The Standing Committee of the National People’s Congress (NPC) of the People’s Republic of China adopted a Decision Relating to Strengthening the Protection of Information on the Internet (the Decision) on December 28, 2012. The text is brief and general, covers only electronic personal information, and took effect immediately.

Since the rapid development of e-commerce and other online activities in China during recent years, the protection of personal information is a widely discussed topic and examples of breaches of confidential personal data are numerous. The Decision appears to be a double-edged sword that provides a clear legal framework to protect personal digital information but also increases the opportunity for the government to control the activities of Chinese netizens.

Among the many interesting points raised by the Decision, it is important to note that it was adopted by the Standing Committee of the NPC. The Standing Committee is empowered to pass laws that are national in scope that sit just below “basic laws” (basic laws have nationwide application and relate to tantamount aspects pertaining to the State and/or Chinese society). Being adopted by a top PRC institution gives much credibility to the Decision.

Addressing recent concerns shown by the Chinese society about more privacy, the Decision provides a broad definition for online “personal information”. It encompasses electronic information that can determine the identity of an individual and touches upon such individual private affairs.

Most of the burden is transferred to Internet Service Providers (ISPs) - The Decision also sets forth a series of obligations ISPs must follow in the course of collecting, using and keeping personal information. ISPs are required to obtain the consent of their users for collecting and using their personal information. Rules for personal information collection and use must be publicly disclosed to users. ISPs have an obligation to safeguard personal information and keep it strictly confidential. Any divulgation, alteration, destruction or sale of personal information is clearly made illegal.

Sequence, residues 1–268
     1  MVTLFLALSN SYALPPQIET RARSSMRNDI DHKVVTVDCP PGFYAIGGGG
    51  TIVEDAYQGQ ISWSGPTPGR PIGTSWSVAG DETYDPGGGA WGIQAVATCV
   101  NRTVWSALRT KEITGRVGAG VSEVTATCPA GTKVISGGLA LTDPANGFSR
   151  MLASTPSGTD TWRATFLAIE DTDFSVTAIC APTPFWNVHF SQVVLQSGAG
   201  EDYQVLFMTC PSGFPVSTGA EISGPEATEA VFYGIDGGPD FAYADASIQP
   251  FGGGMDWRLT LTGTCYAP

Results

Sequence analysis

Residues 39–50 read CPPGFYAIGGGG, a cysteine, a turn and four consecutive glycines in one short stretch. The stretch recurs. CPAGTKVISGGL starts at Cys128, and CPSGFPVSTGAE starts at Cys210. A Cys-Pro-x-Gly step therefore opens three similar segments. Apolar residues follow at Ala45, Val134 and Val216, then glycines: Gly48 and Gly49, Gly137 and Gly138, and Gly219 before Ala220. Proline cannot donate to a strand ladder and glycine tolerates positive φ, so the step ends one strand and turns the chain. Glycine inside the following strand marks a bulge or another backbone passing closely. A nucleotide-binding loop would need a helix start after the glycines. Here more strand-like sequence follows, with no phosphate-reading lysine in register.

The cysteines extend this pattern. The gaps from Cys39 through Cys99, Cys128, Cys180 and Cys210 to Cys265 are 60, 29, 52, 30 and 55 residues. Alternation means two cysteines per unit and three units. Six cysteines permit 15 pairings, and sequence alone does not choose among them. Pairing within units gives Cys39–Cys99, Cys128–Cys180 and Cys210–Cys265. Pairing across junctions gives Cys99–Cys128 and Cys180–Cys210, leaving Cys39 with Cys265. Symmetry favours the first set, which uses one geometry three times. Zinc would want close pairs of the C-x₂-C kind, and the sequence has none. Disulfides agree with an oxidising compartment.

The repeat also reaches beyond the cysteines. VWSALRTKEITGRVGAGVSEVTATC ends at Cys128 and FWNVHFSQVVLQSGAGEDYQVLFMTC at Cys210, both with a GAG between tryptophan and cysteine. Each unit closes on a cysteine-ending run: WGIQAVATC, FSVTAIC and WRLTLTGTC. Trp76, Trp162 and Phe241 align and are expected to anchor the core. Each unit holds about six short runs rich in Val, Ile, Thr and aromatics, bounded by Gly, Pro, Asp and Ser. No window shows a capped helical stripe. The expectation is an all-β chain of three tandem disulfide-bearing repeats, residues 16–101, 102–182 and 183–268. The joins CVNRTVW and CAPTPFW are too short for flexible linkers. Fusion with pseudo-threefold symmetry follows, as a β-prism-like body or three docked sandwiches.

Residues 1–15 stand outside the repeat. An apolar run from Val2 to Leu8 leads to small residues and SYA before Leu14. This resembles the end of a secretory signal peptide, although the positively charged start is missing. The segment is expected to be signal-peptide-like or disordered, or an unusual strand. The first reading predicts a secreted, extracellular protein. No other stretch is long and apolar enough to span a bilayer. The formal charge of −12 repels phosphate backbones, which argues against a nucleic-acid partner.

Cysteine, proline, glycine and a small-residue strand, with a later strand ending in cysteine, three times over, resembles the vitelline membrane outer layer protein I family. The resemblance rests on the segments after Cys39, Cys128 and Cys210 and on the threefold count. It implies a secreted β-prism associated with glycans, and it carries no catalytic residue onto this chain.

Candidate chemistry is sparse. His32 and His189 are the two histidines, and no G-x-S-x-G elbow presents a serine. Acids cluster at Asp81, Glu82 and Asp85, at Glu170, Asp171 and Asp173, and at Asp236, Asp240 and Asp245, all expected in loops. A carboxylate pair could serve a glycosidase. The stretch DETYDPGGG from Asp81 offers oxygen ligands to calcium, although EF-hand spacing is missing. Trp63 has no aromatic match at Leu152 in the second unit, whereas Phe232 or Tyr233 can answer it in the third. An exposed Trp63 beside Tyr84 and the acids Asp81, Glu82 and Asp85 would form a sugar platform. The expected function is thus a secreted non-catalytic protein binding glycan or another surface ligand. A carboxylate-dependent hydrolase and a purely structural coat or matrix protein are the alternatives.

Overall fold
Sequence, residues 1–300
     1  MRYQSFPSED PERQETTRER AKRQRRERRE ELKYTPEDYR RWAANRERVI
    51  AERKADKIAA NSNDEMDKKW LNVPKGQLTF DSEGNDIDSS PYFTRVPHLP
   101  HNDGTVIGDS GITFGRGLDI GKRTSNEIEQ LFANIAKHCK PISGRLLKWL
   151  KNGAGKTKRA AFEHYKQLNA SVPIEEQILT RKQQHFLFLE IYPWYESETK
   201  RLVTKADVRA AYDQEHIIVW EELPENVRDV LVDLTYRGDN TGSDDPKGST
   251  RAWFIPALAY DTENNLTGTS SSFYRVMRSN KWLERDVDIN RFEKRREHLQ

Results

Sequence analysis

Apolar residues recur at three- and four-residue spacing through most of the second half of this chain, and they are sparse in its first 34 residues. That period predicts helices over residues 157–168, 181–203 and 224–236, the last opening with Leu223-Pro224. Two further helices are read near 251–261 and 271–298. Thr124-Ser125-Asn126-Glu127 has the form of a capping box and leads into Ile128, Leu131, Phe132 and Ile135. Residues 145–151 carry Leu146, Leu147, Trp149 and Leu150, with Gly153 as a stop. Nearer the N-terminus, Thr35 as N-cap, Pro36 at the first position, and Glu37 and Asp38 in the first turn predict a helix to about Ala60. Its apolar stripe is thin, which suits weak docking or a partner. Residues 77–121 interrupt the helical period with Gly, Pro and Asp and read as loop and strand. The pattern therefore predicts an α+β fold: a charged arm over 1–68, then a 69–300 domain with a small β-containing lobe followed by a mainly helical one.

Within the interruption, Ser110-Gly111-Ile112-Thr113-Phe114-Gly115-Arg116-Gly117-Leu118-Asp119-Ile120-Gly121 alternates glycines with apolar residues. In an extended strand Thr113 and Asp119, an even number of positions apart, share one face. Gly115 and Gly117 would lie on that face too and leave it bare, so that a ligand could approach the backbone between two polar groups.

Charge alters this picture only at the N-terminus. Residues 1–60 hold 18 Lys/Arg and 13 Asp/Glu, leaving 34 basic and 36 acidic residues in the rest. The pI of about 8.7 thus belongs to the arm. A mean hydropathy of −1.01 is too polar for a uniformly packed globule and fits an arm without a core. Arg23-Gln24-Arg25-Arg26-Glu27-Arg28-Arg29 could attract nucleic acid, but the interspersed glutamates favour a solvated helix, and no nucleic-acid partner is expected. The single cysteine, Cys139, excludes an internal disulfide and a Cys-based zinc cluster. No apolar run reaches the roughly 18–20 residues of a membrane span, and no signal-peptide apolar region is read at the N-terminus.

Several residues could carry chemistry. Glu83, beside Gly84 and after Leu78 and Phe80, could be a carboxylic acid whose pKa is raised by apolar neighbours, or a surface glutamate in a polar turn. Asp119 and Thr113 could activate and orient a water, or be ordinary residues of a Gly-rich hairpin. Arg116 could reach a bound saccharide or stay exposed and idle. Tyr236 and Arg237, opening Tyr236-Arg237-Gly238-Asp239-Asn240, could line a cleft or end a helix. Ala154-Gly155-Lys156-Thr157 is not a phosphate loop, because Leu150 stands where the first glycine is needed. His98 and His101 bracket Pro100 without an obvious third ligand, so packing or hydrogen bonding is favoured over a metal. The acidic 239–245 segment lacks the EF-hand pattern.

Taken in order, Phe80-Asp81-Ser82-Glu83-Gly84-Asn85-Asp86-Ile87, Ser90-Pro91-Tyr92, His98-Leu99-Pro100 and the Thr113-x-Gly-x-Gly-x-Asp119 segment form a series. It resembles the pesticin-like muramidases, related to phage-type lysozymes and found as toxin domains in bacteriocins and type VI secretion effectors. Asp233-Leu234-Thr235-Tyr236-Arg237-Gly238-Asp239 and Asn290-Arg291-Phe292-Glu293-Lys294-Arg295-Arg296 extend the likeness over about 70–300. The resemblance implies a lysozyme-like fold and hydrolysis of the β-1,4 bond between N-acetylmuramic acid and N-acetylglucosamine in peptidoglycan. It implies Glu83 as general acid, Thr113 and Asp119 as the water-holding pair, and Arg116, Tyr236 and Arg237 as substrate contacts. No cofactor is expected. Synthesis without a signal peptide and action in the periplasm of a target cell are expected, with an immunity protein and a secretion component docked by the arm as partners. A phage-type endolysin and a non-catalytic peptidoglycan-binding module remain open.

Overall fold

However in a move that has been widely criticized by human rights groups – and thus generalizing measures implemented for about one year by leading micro-blogging services, including Tencent Weibo and Sina Weibo - users are now required to provide their real names when registering with ISPs or subscribing to their services.

The Internet Resolution also prohibits any organization or individual from sending business information (e.g. advertisements) via email or text message without the consent or request of a receiver, or expressly rejected by such receiver.

The Decision is built on previous legal texts dealing with data privacy, but is widely seen by industry experts and insiders as a significant and far-reaching turning point because it was passed by PRC’s top legislature and will be effective nationwide. Major ISPs (sohu.com and tencent.com) have shown their support and determination to fully comply with the Decision’s provisions. Despite a few uncertainties the Decision may very well prove to be a landmark text in the construction of a fully fledged data privacy legal regime in China.

Questions remain about how the Decision will be implemented. For example, the Decision does not specify which governmental department or agency will supervise or enforce the Decision. Moreover, even if the Decision specifies that violators may be given a warning, fined, have their illegal income confiscated, face cancellation of permits or other business privileges, or have their websites shut down, it does not provide specific fines or jail terms for criminal violations, or contain civil fine details.